NATIONAL BUREAU OF ECONOMIC RESEARCH
NATIONAL BUREAU OF ECONOMIC RESEARCH

Establishing a Monetary Union

Russell Cooper, Hubert Kempf

NBER Working Paper No. 6791
Issued in November 1998
NBER Program(s):   EFG

This paper explores the gains to monetary union. We consider a two-country overlapping generations model. Agents work when young and have random tastes over the composition (domestic vs. foreign goods) of old age consumption. In equilibrium, governments require that local currency be used for transactions as a means of creating a base for seignorage. Thus agents hold multiple currencies to deal with uncertainty in their optimal consumption bundles. We argue that this equilibrium is Pareto dominated by a monetary union, in which there is a single currency and a strong central bank that optimally chooses zero inflation. As suggested by the European Commission's 1990 report, monetary union reduces the inefficiencies created by multiple currencies and leads to price stability. Finally, we argue this Pareto superior outcome cannot be achieved without cooperation of the two governments.

download in pdf format
   (1108 K)

email paper

This paper is available as PDF (1108 K) or via email.

Machine-readable bibliographic record - MARC, RIS, BibTeX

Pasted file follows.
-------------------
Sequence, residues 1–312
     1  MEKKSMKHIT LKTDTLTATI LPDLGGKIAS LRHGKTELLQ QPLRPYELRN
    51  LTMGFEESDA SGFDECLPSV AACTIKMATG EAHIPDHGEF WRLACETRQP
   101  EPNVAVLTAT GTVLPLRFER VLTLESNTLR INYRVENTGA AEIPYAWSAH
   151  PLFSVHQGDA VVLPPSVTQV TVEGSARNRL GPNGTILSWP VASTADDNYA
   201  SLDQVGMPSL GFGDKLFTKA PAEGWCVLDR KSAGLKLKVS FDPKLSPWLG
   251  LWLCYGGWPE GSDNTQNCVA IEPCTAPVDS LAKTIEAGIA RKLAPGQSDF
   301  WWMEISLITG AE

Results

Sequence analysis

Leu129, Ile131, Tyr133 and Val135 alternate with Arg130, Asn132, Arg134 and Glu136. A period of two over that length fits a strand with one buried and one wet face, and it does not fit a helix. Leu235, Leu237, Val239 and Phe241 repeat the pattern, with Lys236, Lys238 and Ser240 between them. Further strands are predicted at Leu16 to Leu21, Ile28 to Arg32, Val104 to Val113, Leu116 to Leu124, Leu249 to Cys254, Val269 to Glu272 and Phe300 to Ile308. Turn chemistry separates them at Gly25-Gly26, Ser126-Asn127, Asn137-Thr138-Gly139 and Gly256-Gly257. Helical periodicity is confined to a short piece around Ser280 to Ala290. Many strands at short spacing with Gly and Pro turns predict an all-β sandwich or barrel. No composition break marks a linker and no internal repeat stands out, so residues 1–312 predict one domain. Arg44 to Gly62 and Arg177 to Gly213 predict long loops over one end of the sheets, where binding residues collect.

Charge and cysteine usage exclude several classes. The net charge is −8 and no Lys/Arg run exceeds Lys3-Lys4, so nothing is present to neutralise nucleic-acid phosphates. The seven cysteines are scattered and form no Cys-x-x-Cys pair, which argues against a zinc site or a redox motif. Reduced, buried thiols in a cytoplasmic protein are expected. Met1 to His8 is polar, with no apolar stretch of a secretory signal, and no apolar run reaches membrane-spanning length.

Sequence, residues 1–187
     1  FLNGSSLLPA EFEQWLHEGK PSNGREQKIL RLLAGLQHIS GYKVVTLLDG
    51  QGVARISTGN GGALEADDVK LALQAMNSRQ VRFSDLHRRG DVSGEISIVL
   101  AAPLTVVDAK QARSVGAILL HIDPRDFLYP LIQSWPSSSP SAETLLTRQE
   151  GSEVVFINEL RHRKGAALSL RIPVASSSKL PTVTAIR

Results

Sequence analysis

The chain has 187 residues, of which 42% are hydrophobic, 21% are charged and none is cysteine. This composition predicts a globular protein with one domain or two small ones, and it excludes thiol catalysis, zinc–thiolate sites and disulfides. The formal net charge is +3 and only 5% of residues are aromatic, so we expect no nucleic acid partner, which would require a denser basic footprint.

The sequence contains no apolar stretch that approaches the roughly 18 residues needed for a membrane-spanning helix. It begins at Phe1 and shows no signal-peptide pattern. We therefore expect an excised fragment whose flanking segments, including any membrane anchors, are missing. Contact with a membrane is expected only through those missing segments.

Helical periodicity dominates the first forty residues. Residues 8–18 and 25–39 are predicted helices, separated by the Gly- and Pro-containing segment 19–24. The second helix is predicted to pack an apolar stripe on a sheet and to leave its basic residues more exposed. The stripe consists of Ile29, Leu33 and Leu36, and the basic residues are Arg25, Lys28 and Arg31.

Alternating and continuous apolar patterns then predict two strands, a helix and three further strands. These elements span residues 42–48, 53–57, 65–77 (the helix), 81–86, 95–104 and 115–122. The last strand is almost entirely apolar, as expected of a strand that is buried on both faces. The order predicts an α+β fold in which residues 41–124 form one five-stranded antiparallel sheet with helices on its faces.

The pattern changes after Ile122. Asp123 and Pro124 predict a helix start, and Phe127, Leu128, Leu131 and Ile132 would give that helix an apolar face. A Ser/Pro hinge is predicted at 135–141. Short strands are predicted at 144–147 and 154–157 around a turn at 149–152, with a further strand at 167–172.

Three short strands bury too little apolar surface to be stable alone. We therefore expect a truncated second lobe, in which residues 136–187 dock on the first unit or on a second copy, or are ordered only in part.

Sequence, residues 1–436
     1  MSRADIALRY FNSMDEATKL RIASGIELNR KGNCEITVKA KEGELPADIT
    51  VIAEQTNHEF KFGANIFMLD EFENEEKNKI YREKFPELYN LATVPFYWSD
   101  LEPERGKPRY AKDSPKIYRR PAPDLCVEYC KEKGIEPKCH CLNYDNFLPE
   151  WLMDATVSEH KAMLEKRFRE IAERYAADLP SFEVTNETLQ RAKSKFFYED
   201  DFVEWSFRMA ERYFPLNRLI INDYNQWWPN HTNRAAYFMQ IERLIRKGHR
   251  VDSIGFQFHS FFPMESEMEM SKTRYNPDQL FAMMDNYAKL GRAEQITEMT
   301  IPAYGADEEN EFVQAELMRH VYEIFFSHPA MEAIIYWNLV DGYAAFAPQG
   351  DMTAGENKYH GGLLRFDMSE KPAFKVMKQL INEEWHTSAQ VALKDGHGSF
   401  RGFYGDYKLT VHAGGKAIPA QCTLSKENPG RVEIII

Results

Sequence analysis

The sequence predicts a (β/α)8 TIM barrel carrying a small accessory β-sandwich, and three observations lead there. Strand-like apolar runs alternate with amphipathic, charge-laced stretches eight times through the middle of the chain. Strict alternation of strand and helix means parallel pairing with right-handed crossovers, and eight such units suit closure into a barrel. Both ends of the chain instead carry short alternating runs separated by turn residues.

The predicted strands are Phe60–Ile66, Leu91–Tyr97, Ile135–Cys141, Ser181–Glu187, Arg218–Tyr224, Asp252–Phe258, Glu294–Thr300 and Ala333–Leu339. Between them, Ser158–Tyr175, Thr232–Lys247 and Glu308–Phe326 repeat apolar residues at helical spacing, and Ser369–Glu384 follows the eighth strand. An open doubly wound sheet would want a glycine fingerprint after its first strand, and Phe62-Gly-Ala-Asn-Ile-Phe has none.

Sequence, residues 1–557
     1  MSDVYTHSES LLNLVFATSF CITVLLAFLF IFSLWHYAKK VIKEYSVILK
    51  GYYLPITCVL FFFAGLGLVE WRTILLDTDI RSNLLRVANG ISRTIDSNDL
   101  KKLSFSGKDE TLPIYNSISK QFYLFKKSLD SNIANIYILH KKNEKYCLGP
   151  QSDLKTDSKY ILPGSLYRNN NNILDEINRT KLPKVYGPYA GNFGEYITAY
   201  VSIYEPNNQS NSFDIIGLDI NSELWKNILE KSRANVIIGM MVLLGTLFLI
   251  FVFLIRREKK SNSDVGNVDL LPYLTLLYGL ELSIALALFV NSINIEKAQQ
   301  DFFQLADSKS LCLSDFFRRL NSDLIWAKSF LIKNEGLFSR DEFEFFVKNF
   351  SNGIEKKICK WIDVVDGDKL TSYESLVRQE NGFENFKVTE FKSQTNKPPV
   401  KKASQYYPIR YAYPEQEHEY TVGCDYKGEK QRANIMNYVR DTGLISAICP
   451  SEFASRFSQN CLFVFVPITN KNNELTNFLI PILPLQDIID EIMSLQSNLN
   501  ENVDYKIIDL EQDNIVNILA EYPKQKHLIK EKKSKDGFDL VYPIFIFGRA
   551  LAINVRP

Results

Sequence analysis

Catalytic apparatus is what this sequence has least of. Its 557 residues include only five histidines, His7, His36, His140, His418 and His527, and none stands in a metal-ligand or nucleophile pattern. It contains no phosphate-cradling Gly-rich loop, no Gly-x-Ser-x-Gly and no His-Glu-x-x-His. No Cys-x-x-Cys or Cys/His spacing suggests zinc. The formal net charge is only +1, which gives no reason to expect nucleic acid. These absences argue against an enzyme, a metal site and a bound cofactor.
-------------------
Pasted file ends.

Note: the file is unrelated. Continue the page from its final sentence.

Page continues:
Document Object Identifier (DOI): 10.3386/w6791

Published: Cooper, Russel and Hubert Kempf. "Establishing a Monetary Union." International Economic Review 44 (2003): 119-142.

Users who downloaded this paper also downloaded these:
Cooper and Kempf w7607 Designing Stabilization Policy in a Monetary Union
Eaton and Tamura w5457 Japanese and U.S. Exports and Investment as Conduits of Growth
Eaton and Kortum w6253 Technology and Bilateral Trade
Eaton, Gutierrez, and Kortum w6827 European Technology Policy
Berman, Bound, and Machin w6166 Implications of Skill-Biased Technological Change: International Evidence
 
Publications
Activities
Meetings
Data
People
About

Support
National Bureau of Economic Research, 1050 Massachusetts Ave., Cambridge, MA 02138; 617-868-3900; email: info@nber.org

Contact Us